Psst... We're working on the next generation of Chowhound! View >
HOME > Chowhound > General Topics >
Feb 11, 2013 10:32 AM

Why do we dislike Whey?

Hi all,

I have read many negative statements about using whey as an ingredient for foods (like ice cream or fruit drinks...etc). See the first ingredient:

or the fifth ingredient from this:

So why do we dislike whey? Is it because
a) whey tastes bad.
b) whey is unhealthy (or less healthy).
c) whey is just "cheap" or "uncivilized".
d) whatever your reason may be.
I am not expert in whey, so I don't understand the negative attitude toward whey. Please share your feeling on whey. Thanks.

  1. Click to Upload a photo (10 MB limit)
  1. I drain the whey from yogurt to create a thicker "Greek-style" yogurt. I typically drink the liquid whey that remains afterward. I've never bothered saving it for use in baked goods, but I understand that it can be done. Since it is a byproduct I think it's totally fine for companies to find other uses for it. My only quibble is if they are replacing a more complete product with whey to make their products more cheaply.

    1. I used to be fine with it, but then I started hearing about most forms of whey protein powder having oxidized cholesterol, and since then I use very rarely. So I guess option B for me. I never thought it tasted bad, and never judged food/edibles based on how "cheap" or "uncivilized" they might be.

      4 Replies
      1. re: Cinnamonster

        <most forms of whey protein powder having oxidized cholesterol>

        Oh I didn't know this. Thanks.

        1. re: Chemicalkinetics

          Also, I feel like I should mention that I am not a doctor/nutritionist/dietitian/etc., but after hearing about it I looked up information online. The impression that I got was that it is a concern at least with plaque buildup in arteries (I only worry because my family has a history of heart disease).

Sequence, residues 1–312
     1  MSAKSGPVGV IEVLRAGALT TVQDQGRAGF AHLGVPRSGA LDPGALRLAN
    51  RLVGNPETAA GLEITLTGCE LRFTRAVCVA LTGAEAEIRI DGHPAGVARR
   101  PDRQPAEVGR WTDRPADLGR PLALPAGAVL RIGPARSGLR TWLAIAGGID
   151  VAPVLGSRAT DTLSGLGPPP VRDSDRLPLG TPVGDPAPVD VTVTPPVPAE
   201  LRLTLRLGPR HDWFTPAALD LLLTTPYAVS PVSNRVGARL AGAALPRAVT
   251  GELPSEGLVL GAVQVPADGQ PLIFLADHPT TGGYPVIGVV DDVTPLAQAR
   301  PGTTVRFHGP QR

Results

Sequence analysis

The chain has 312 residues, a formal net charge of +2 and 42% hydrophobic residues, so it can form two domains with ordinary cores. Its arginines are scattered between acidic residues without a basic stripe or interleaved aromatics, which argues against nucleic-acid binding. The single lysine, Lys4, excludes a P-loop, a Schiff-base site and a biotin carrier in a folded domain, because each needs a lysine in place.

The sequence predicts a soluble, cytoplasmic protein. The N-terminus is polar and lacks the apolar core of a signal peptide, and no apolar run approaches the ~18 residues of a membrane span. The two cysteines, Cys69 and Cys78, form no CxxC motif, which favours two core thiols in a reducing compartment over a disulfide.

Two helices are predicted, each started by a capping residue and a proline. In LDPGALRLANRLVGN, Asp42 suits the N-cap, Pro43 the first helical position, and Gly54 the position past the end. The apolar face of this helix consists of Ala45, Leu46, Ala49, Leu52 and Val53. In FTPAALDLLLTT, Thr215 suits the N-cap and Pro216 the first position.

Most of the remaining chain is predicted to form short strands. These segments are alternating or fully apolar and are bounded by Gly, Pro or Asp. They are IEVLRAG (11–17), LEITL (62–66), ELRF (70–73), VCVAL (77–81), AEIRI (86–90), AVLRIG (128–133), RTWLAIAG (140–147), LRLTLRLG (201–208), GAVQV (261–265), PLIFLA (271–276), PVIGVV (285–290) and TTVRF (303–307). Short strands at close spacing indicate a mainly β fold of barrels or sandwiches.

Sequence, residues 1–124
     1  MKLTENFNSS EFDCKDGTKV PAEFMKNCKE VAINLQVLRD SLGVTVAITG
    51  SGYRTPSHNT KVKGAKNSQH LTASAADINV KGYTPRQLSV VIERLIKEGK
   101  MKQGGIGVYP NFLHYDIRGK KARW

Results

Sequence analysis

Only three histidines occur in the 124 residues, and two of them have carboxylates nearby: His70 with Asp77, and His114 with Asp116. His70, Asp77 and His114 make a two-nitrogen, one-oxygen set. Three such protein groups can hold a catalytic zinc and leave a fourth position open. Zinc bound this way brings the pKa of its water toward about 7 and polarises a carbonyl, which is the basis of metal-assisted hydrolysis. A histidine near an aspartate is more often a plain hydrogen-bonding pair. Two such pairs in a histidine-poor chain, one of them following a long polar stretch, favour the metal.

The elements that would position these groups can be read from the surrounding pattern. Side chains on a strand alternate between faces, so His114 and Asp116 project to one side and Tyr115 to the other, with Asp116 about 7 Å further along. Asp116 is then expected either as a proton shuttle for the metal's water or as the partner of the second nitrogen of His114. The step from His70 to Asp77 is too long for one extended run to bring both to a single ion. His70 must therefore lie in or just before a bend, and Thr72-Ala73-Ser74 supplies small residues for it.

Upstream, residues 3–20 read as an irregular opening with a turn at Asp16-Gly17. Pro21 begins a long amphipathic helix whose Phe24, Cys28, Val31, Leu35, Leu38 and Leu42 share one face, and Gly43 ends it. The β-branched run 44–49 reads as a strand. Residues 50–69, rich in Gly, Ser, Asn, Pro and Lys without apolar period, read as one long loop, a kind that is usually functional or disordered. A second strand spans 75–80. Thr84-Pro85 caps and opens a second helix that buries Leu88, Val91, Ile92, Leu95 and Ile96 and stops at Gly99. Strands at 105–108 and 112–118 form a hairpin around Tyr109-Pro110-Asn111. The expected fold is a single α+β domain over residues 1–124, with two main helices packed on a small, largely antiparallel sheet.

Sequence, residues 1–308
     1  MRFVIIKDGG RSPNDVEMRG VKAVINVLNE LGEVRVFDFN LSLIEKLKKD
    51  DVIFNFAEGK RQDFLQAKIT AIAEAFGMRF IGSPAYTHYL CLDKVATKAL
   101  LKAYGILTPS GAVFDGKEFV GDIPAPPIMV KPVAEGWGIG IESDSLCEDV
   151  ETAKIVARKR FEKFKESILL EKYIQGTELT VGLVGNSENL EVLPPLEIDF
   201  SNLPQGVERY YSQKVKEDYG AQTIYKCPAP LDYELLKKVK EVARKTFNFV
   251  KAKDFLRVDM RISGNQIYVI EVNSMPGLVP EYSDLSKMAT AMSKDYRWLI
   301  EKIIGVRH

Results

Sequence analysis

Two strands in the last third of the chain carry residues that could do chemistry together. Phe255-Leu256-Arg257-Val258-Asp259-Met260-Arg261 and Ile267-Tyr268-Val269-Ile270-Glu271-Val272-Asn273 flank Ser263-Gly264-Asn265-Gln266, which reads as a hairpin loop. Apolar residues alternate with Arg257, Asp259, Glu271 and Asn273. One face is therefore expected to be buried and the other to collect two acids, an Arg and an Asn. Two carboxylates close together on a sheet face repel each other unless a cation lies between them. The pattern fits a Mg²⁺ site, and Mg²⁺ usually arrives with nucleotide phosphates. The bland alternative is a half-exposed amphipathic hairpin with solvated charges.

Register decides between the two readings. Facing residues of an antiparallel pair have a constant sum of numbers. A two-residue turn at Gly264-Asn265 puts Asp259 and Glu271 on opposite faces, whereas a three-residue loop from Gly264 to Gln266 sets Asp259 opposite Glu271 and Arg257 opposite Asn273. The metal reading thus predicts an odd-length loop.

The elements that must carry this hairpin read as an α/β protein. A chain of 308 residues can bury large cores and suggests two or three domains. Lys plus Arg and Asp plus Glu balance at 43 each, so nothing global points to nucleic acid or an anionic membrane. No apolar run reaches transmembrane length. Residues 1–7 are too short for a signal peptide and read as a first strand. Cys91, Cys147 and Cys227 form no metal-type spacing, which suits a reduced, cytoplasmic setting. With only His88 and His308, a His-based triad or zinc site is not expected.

So, please don't take my word as guaranteed fact, but only as a possible precaution.

        2. re: Cinnamonster

          How can whey be a significant source of cholesterol, let alone 'oxidized cholesterol'? Whey is the liquid left behind when cheese curds are made. Most of the fat in the milk goes into the curds, not the whey.

          A quick web search indicates that people who worry about oxidized cholesterol in dairy blame it on the drying process. But most powdered milk is nonfat. So again, where's the cholesterol in nonfat dried milk?

          1. re: paulj

            I wasn't referring to liquid whey, but the powdered variants often seen in protein powders. And while it usually isn't a large source of cholesterol there usually are varying degrees of cholesterol left in the majority of protein powders I've seen.

        3. I don't have a problem with whey and quite like optimum nutrition whey protein powder for protein shakes.

          I HATE when companies use whey protein concentrate to boost the protein content of their "Greek" yogurt, because it is dishonest. Yoplait "Greek" comes to mind as a particularly egregious offender. IMO, it is not Greek yogurt unless it is strained, and other products should not be allowed to be labeled as such.

          I don't object to the use of whey protein concentrate in yogurt, period, as it is in quite a few brands (along with cornstarch) for improved texture and mouthfeel-- as long as it is not being marketed as Greek yogurt.

          2 Replies
          1. re: ohmyyum

            <I HATE when companies use whey protein concentrate to boost the protein content of their "Greek" yogurt, because it is dishonest.>

            Me too, and I remember one of the companies used milk powder to do the same.

            But what about say the Mango Protein Plus drink:


            1. re: ohmyyum

              100% agree ohmyyum

              A lot of misinformed people in this thread. There is nothing wrong with whey. It's a complete protein and very nutritious. With regards to cholesterol ~ cholesterol in food has very little to do with blood lipid cholesterol.

              1. Well, this clearly doesn't impact everyone, but whey is super high in lactose (dried whey is about 70% lactose. Nonfat dry milk is more like 50%, both by weight. Liquid whey is more like 5% lactose, same as milk). Like the rest of my family, I'm quite lactose intolerant, so I'll notice effects from eating foods that are only 1% lactose, and once whey is added to something, it's almost certainly at least that. So, I obviously avoid it.